World Europe

Ukraine's new president vows to pursue peace

'I know that peace is the main thing the Ukrainian people want today,' says new president
Ukraine's new president offers to create 'controlled corridors' for the evacuation of Russian mercenaries

As fighting continued in eastern Ukraine, billionaire-turned-politician Petro Poroshenko, who was sworn on Saturday as the fifth president of post-Soviet Ukraine, offered a peace plan to resolve the bloody conflict in the industrial Donbass region.

"I know that peace is the main thing the Ukrainian people want today," the 49-year-old president said during a solemn but far from pompous inauguration ceremony Saturday morning in parliament.

"I don't want war, I don't want revenge despite the massive casualties sustained by Ukraine's people, which are in front of our eyes. I want peace and I will achieve Ukraine's unity."

Poroshenko took the presidential oath in the presence of dozens of lawmakers, officials, dignitaries and numerous foreign leaders and envoys, including Vice President Joe Biden and State Department official Victoria Nuland.

Holding his right hand on a 16th century New Testament, Poroshenko offered amnesty for pro-Russia militants provided they “do not have the blood of Ukraine soldiers and peaceful residents on their hands and those who were not involved in financing terrorism.”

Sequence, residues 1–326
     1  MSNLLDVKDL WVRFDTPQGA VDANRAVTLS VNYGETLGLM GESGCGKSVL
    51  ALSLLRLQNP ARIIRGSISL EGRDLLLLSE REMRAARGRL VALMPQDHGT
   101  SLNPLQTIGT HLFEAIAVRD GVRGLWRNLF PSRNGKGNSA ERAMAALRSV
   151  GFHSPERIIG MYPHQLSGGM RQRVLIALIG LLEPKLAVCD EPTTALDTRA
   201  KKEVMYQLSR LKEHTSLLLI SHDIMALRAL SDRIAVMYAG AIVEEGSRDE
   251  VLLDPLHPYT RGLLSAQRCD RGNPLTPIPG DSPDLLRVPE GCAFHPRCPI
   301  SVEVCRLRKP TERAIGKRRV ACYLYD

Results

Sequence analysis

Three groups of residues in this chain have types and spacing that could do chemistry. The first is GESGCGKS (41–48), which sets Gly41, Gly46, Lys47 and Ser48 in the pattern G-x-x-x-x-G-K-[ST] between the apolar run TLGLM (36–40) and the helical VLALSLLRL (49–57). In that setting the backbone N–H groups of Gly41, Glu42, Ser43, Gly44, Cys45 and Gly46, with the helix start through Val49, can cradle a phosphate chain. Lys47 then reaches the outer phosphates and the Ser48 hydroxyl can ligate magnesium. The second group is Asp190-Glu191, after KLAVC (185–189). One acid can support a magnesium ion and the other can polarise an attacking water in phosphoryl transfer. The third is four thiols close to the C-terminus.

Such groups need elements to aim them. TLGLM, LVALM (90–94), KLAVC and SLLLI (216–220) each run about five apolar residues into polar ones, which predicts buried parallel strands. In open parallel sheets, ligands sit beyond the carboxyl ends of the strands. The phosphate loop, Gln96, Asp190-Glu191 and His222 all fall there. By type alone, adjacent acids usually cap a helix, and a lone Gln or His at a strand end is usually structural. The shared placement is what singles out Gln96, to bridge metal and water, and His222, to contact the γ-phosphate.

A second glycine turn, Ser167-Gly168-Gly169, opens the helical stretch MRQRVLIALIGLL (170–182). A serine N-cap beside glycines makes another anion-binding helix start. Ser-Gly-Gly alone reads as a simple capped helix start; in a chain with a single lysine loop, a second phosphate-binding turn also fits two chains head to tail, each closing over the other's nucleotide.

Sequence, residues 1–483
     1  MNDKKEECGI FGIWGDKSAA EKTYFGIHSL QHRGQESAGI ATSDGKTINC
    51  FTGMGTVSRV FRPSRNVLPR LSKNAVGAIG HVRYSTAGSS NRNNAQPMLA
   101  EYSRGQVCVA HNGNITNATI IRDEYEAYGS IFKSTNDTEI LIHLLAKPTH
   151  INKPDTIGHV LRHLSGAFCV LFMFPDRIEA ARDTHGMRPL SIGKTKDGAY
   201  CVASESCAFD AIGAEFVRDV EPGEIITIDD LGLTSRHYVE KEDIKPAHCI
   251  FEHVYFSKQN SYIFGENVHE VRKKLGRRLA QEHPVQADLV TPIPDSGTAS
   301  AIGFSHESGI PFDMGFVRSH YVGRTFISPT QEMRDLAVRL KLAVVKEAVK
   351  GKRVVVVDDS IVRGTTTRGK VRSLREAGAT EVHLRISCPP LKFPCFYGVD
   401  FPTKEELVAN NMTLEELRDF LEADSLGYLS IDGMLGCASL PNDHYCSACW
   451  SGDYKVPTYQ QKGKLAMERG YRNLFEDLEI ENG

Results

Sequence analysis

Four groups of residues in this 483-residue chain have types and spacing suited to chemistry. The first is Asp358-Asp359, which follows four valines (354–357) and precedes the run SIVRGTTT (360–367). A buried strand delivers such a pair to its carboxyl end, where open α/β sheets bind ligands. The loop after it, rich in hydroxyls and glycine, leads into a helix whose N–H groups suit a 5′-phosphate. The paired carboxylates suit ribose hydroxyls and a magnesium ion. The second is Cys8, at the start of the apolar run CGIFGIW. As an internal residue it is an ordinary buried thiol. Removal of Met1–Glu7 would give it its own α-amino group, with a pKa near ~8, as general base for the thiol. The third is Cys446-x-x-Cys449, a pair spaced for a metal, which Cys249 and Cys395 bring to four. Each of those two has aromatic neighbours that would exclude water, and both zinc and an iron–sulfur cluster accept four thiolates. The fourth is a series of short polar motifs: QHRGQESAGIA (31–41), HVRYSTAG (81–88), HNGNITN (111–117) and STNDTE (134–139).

More than 200 people have been killed in the last two months of heavy fighting between government troops and separatist gunmen in the Donetsk and Luhansk regions of southeast Ukraine, officials recently said.

Poroshenko offered to create “controlled corridors” for the evacuation of Russian mercenaries back to Russia, after which a peaceful dialogue would be possible with newly elected regional and local authorities.

But Poroshenko surprisingly blamed only Victor Yanukovich, the ousted Ukrainian leader, and his clan, who are now living in Russia, for backing the separatists, and did not directly lash out at the Kremlin, perhaps because of the brief but positive meeting that Poroshenko had with his Russian counterpart, Vladimir Putin, at D-day memorial ceremonies in Normandy, France.

Poroshenko spokeswoman Irina Friz wrote on her Facebook account Friday that both presidents agreed to work toward a peaceful solution and “to take joint action to close the border in the area of military conflict and prevent constant Ukrainian border crossing by Russian militants.”

The next positive signal came the same day as Russian ambassador Mikhail Zurabov, who had been absent from his office since February, returned to Kiev and was seen among the diplomats at the Saturday ceremony.

Zurabov is expected to initially represent Russia in long-awaited talks with Ukrainian officials that are expected to begin Sunday, said Volodymir Fesenko, a Kiev-based political scientist.